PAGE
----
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Home » Social Media News

The “social media generation” also dictates the news cycle

Submitted by on March 28, 2008 – 8:32 amNo Comment

I wanted to add my two cents to what Matt discusses below. The insights of The Times’ Brian Stelter has generated some fascinating discussion about the power of word-of-mouth referrals on the news process, most notably from Jeff Jarvis and Matthew Ingham.

The line in the NYT piece that has Jarvis, Ingham and many of us in the journalism field buzzing is a comment from a college student sitting through a focus group. The student, a member of the so-called “social media generation” remarked, “If the news is that important, it will find me.”

Consider that for a moment. In this indexable, searchable, sortable, mashable, Digg-able world we now live in, there is no such thing as burying bad news. It’s impossible. This is pretty unsettling for big businesses and governments. If bad news makes it into the public domain you can bet it will be scrutinised and amplified by concerned citizens over an excruciatlingly long period.

Matt & I see this all the time (what Matt referred to as the ‘half-life of information’) when we conduct social media audits for our clients. A negative news event will occur, at first only generating minor reverberations. The mainstream media often misses the first ripple, but some specialist reporters and activist groups see it and they start to report on it or blog about it. That’s Stage one.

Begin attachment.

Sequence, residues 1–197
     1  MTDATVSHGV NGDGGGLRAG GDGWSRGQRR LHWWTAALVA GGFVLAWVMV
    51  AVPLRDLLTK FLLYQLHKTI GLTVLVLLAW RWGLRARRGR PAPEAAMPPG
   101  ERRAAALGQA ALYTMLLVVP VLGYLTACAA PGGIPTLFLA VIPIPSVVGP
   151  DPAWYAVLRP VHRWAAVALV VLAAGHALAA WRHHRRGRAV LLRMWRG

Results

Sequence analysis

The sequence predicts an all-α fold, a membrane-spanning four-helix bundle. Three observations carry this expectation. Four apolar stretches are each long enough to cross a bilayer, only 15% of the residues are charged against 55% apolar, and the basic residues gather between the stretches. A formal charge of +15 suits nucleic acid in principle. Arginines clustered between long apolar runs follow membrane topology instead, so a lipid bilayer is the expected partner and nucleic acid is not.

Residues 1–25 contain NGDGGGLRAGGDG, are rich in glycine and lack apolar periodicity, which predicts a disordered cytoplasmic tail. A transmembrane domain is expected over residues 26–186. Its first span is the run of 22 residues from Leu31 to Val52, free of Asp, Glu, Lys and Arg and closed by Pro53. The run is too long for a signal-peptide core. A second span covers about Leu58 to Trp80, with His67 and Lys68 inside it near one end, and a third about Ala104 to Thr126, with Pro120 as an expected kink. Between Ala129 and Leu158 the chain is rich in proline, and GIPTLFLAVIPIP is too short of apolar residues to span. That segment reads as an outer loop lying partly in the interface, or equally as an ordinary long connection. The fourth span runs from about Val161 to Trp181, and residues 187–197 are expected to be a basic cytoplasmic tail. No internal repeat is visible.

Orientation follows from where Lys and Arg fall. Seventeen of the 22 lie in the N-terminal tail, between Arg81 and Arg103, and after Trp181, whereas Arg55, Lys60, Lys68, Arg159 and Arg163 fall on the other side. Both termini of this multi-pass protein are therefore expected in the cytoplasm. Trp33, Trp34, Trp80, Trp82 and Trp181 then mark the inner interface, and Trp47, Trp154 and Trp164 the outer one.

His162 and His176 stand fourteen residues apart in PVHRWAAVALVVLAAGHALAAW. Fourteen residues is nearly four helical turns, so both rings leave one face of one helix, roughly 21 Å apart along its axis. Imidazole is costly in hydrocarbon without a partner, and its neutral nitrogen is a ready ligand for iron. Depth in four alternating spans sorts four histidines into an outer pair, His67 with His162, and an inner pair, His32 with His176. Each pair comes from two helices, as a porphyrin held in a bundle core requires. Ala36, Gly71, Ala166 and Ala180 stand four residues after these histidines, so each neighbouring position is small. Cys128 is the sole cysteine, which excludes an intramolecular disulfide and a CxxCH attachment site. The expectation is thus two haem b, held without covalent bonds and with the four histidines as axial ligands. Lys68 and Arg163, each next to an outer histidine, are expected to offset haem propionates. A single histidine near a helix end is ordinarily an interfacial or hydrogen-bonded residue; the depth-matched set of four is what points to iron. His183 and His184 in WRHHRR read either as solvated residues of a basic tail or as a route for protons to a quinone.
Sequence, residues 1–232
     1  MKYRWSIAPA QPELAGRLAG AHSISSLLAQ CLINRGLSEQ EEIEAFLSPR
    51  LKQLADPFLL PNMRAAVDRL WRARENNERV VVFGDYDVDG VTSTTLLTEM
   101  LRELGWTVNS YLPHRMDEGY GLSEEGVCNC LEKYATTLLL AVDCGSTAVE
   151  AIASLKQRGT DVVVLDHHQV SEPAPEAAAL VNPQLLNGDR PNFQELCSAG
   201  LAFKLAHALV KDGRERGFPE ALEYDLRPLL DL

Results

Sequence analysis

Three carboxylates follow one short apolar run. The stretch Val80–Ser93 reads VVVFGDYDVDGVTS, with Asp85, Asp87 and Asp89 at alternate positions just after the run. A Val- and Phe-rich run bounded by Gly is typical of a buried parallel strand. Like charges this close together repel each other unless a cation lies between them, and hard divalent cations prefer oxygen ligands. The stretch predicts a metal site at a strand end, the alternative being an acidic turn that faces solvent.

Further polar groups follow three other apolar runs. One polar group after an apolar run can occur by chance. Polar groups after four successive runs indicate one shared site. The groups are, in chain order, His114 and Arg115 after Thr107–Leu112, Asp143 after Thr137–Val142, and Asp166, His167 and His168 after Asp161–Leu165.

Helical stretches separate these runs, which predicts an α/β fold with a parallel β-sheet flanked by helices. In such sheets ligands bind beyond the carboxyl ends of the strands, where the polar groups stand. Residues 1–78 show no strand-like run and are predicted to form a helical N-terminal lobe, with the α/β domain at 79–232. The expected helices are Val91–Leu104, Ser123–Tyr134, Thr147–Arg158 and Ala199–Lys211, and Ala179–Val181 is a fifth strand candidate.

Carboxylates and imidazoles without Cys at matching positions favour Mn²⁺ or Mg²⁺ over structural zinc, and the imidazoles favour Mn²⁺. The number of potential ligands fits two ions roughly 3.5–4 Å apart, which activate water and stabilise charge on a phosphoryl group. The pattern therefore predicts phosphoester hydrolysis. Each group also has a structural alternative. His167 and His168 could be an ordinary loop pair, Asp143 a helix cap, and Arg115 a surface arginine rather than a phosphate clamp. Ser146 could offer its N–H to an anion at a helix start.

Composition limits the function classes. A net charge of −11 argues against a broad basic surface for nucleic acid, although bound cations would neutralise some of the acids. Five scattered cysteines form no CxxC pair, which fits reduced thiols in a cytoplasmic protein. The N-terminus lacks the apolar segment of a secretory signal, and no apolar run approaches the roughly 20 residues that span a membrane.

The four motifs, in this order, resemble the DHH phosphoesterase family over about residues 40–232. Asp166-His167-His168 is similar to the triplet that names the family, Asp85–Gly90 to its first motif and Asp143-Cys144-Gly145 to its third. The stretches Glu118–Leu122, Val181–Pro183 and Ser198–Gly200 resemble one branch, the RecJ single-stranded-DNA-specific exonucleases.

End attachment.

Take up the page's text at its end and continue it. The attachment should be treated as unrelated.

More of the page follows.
Stage Two is a discussion breaks out among bloggers and social
media commentators who are knowledgeable about the subject matter. [I
should note here that these are civilians with varying degrees of
knowledge on the topic, but there interest level is high, and that's
enough to generate further interest from outsiders; again, the news
media has barely noticed this issue still.] As the discussion builds to
a certain level, a kind of tipping point occurs. Here, we enter stage 3.

Stage 3: the mainstream media notices this clamour online, and
they begin their reportage on the story. (Even though they arrive late
in the news cycle, they have a built-in lead: A furore has kicked up in the blogosphere, etc…]

Stage 4: With the mainstream media now following the story, it
perks the interest of generalist bloggers. With their attention, the
blog storm has now multiplied in intensity. If we were to graph this
(and watch this space… I will post a graph of what this looks like in
the coming days), you would see ever increasing spikes of interest in
regular intervals as we move from stage 1 to stage 4.

From a brand reputation and crisis management perspective, social media
has has completely changed the news cycle. It’s now agonisingly longer,
stretching for weeks and months what used to play out over a few days.
That’s because it is not the mainstream press, but consumers that are
driving the cycle. Reporters may have to quit a story when something
else that’s newer and fresher arises. Social media commentators don’t
have these constraints. They can bang the same drum every day for weeks
and months on end. And they do.

Remember that line: if the news is important, it will find me.

– Bernhard

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